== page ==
BMW is confident that its new battery design holds the key for its upcoming generation of all-electric vehicles. With its new battery in the picture, the German automaker noted that it would be companies like Tesla, not BMW, that would have some catching up to do.
BMW’s first cylindrical battery cell samples, which would be powering its next-generation EVs starting 2025, are expected to provide 20% more energy and up to 30% more range. The batteries are also expected to feature a 50% reduction in battery costs, as well as 60% lower production-related carbon emissions than current-generation prismatic cells.
When asked by Automotive News Europe about its strategy to close the gap with rivals like Tesla, BMW Group production boss Milan Nedeljkovic noted that the German automaker would not need to catch up to anyone. “Tesla needs to close the gap with us. In fact, we don’t see a gap to Tesla,” he said.
At a media event last week, the BMW executive shared some optimistic insights about the automaker’s battery technology. He also expressed some excitement about BMW’s new line of electric motors, which Nedeljkovic would be different from others in the market.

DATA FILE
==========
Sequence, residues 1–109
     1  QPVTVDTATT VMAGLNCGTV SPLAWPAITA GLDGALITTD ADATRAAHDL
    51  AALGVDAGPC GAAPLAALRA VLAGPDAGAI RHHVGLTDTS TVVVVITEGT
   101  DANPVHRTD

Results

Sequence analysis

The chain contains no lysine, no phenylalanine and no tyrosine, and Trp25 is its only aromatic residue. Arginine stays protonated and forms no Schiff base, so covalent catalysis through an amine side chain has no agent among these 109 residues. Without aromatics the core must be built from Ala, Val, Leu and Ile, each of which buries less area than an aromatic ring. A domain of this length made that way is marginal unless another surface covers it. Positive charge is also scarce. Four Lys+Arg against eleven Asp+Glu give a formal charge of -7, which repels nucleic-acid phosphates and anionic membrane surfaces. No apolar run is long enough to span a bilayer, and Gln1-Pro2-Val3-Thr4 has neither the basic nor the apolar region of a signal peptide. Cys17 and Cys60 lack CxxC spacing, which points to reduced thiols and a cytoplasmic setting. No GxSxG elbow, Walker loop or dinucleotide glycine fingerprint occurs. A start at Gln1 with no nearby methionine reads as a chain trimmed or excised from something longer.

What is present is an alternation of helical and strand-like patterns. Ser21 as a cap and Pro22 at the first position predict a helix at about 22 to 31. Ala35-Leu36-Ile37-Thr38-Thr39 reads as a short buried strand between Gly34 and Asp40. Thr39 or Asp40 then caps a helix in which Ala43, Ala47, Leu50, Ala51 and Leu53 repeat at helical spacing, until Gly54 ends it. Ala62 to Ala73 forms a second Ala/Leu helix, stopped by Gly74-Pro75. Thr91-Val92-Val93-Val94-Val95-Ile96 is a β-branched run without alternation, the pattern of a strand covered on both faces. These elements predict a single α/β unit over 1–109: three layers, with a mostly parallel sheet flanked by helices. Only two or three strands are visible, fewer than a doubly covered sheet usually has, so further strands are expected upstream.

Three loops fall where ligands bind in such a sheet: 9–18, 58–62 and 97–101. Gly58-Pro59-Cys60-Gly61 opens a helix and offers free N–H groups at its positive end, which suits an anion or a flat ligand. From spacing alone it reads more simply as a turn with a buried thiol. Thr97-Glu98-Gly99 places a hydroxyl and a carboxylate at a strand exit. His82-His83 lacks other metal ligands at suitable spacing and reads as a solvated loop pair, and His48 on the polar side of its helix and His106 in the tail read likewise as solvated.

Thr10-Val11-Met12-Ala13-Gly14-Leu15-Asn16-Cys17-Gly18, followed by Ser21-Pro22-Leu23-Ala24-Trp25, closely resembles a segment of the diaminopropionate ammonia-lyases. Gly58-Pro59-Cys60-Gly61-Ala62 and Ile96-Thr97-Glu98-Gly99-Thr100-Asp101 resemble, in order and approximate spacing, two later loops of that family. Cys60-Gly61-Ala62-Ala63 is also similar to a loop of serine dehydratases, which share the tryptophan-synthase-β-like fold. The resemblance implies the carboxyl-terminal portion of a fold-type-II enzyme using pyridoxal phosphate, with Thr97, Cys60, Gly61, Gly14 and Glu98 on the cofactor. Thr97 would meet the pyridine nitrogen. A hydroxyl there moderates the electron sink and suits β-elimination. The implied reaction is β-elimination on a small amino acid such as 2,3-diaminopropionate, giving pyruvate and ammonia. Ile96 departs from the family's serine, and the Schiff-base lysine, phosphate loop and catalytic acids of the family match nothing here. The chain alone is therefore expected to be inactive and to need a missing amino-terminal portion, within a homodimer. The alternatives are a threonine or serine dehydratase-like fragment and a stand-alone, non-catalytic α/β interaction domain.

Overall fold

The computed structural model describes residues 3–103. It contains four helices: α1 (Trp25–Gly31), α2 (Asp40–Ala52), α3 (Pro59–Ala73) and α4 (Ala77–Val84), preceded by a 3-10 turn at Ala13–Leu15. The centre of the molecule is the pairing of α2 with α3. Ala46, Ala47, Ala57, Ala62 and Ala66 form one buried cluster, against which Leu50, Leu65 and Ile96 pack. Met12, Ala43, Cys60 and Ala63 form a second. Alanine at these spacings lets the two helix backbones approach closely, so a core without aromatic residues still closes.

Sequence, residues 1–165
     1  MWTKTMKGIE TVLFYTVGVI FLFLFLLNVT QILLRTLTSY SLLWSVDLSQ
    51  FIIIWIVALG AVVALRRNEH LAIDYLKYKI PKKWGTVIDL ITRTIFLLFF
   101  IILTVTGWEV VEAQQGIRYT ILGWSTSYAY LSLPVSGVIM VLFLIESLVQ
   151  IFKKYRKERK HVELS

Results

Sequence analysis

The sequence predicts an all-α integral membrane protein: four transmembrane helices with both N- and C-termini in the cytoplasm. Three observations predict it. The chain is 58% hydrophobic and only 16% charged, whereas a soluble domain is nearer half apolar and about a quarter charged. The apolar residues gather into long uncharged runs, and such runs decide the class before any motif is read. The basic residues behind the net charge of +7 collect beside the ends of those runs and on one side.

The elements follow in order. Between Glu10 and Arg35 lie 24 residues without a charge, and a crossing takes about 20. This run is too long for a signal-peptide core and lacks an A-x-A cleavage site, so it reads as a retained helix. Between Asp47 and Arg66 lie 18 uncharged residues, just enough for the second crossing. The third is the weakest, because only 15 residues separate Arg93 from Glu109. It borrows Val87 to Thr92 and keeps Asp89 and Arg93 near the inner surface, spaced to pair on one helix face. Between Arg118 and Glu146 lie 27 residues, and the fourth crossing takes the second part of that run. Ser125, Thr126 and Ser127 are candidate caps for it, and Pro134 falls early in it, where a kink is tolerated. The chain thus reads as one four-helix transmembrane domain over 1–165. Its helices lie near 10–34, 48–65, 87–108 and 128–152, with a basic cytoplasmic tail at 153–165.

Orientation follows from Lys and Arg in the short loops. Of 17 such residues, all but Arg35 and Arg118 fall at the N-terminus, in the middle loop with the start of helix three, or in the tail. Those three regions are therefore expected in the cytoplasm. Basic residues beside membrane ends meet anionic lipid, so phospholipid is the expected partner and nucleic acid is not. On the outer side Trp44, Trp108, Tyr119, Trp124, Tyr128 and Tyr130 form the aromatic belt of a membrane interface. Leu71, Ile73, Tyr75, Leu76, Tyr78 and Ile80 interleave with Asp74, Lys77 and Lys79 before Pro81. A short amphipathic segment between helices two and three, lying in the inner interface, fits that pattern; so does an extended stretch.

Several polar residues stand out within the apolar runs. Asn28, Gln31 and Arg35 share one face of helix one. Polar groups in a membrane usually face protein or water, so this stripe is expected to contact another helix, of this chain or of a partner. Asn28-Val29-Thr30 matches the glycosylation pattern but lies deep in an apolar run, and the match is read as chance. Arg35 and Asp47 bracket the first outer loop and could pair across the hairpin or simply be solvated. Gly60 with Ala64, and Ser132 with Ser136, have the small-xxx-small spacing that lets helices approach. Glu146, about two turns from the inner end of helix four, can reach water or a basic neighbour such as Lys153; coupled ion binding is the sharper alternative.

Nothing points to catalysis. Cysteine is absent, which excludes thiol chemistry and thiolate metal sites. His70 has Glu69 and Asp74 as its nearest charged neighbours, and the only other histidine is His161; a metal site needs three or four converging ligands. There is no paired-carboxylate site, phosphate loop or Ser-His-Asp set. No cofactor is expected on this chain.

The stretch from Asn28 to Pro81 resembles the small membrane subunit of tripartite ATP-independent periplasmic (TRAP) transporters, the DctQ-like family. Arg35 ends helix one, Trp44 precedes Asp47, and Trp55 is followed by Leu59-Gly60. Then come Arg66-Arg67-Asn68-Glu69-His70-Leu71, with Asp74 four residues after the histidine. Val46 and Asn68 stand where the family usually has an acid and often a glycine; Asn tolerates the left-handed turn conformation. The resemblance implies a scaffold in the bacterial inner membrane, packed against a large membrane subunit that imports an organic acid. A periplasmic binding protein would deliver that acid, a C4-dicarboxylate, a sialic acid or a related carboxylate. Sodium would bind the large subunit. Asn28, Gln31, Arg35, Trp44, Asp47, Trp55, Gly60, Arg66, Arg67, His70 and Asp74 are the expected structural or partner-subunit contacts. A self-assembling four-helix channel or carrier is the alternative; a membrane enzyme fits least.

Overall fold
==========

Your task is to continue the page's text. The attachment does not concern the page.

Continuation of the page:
“What we have here is a battery design that suits our products and our idea of how driving performance is fulfilled in our cars. That is why we have our own design of electric engines as well. And they are completely different to others in the market,” he said.
While BMW’s enthusiasm about its new generation of batteries is admirable, the German automaker may end up facing challenges as it ramps up the production of its new EV batteries. Even industry leader Tesla, after all, ended up facing difficulties ramping the production of its 4680 cells, which were unveiled during Battery Day in 2020. Elon Musk has also noted in the past that mass producing new technology is an extremely difficult endeavor.
That being said, BMW does seem to be on the right path with its next-generation batteries. Apart from its cylindrical format, which is similar to Tesla’s 4680 cells, BMW’s new batteries feature higher nickel and less cobalt content, making them more environmentally friendly. The German automaker also noted that it is aiming to reuse 95% of the materials that will be used in its high-voltage electric vehicle batteries.
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